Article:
Christine A. FULLER, Plaintiff-Appellant, v. J.P. MORGAN CHASE & CO., Benefits Appeal Committee, Defendant-Appellee.
Plaintiff Christine A. Fuller contends that the termination of her long-term disability benefits (i) violated the Americans with Disabilities Act (the “ADA”) because the employer's plan affords a shorter period of coverage for impairments that are mental rather than physical, and (ii) was arbitrary and capricious in violation of the Employee Retirement Income Security Act (“ERISA”). She appeals from the judgment of the United States District Court for the Eastern District of New York (Block, J.), dismissing her complaint.
Christine Fuller became disabled by bipolar disorder in 1996, while working for Chemical Bank (which is now, after several mergers, J.P. Morgan Chase). Fuller collected long-term disability benefits pursuant to J.P. Morgan's Long Term Disability Plan (the “Plan”). Under the Plan, employees with long-term physical disabilities receive benefits until age 65, while employees with long-term disabilities “aris[ing] from a mental or emotional disease or disorder,” are limited to eighteen months of benefits. (emphasis added). The Plan (indirectly) confers on the Plan Administrator “the exclusive right and full discretion to interpret any and all of the provisions of the Plan and to determine any questions arising thereunder or in connection with the administration of the Plan.” As the district court found, such questions include “deciding whether an employee's disability was a physical or mental disorder.” Fuller v. J.P. Morgan Chase & Co. Benefits Appeal Comm., Nos. 02-CV-5906-FB, LB, 2003 WL 21531005, at *1 (E.D.N.Y. Jul.1, 2003).
The Plan Administrator classified Fuller's condition as a long-term mental disability, and accordingly discontinued benefits after eighteen months. A representative of the Plan averred in an affidavit that the Plan Administrator relied on the listing of bipolar disorder in the Diagnostic and Statistical Manual of Mental Disorders IV (“DSM-IV”), published by the American Psychiatric Association, see Fuller, 2003 WL 21531005, at *1-*2, and that the Plan Administrator “consistently defer[red] to the DSM IV for determination on psychiatric and psychological disorders, as an authority on the subject matter.” Id. (internal quotation marks omitted).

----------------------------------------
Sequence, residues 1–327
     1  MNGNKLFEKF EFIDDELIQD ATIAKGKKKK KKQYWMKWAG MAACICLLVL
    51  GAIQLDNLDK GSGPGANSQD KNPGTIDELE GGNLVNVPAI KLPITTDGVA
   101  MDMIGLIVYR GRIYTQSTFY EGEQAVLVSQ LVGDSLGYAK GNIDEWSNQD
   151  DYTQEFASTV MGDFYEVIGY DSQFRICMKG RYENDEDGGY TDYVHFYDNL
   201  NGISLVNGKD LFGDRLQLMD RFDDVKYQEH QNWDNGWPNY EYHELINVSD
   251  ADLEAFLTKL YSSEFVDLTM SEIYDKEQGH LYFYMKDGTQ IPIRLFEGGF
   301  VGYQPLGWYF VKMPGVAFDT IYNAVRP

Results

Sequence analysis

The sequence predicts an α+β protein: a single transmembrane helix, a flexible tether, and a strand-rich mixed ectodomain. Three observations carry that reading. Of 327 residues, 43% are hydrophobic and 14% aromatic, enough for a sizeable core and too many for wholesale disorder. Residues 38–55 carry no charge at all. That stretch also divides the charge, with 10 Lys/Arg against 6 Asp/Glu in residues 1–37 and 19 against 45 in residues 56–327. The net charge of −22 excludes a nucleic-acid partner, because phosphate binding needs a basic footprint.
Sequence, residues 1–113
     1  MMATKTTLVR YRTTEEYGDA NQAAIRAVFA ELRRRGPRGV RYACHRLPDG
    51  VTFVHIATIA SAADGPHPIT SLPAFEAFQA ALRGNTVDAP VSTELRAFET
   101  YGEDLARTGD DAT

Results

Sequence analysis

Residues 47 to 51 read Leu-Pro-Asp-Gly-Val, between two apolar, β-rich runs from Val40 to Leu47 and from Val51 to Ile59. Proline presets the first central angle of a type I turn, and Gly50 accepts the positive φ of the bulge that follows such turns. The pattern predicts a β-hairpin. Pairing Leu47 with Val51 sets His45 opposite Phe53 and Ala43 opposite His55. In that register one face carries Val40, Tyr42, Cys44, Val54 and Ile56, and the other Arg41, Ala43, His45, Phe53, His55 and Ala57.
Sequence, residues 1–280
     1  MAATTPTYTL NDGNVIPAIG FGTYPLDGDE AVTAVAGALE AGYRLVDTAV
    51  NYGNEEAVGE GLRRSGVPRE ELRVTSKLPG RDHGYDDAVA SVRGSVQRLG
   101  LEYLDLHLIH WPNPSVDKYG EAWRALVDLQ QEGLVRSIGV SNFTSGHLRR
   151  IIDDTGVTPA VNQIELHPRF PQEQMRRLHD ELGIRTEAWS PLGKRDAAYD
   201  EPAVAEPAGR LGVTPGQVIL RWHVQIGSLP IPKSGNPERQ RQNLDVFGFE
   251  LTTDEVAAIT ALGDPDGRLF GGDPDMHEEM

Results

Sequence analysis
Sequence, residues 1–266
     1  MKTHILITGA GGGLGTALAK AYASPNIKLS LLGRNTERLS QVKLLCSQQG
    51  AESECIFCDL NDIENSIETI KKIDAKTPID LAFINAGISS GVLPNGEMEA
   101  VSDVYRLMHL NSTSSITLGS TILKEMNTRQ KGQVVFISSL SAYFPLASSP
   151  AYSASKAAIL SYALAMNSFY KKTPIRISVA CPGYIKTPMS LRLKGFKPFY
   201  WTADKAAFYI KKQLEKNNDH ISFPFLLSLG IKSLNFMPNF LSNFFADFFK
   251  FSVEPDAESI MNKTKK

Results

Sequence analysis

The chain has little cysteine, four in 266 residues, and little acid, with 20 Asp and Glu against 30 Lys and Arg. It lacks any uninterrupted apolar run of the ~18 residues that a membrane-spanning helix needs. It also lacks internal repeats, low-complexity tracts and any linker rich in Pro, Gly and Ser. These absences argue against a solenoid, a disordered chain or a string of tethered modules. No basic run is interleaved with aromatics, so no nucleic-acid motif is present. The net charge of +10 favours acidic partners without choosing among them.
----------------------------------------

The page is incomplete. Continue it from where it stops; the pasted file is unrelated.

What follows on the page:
Fuller's complaint, filed pro se, alleged a disparate-treatment ADA claim. The district court dismissed that claim, as a matter of law, on the (sound) basis that “Title I of the ADA does not bar entities covered by the statute from offering different long-term disability benefits for mental and physical disabilities.” EEOC v. Staten Island Sav. Bank, 207 F.3d 144, 148 (2d Cir.2000).
The ERISA claim was inferred from Fuller's affirmation, filed in opposition to J.P. Morgan's motion to dismiss, in which Fuller contended that “Bi-Polar Disorder ․ is chemically caused, like diabetes for example, and should be treated like any other physical illness.” The court sua sponte construed that allegation liberally as a claim under ERISA that the decision to terminate benefits was arbitrary and capricious. Fuller v. J.P. Morgan Chase & Co. Benefits Appeal Comm., 02-CV-5906(FB)(LB), Memorandum and Order at 1-3 (E.D.N.Y. Apr. 28, 2003). The court then converted J.P. Morgan's motion to dismiss to one for summary judgment on the ERISA claim and gave Fuller 30 days to respond. In response, Fuller submitted an affidavit from her treating physician, who opined in essence that “bi-polar disorder [is] a medically and physically caused illness” linked to chemical changes in the brain. In July 2003, the district court granted J.P. Morgan's motion for summary judgment and dismissed Fuller's complaint. Fuller, 2003 WL 21531005, at *1.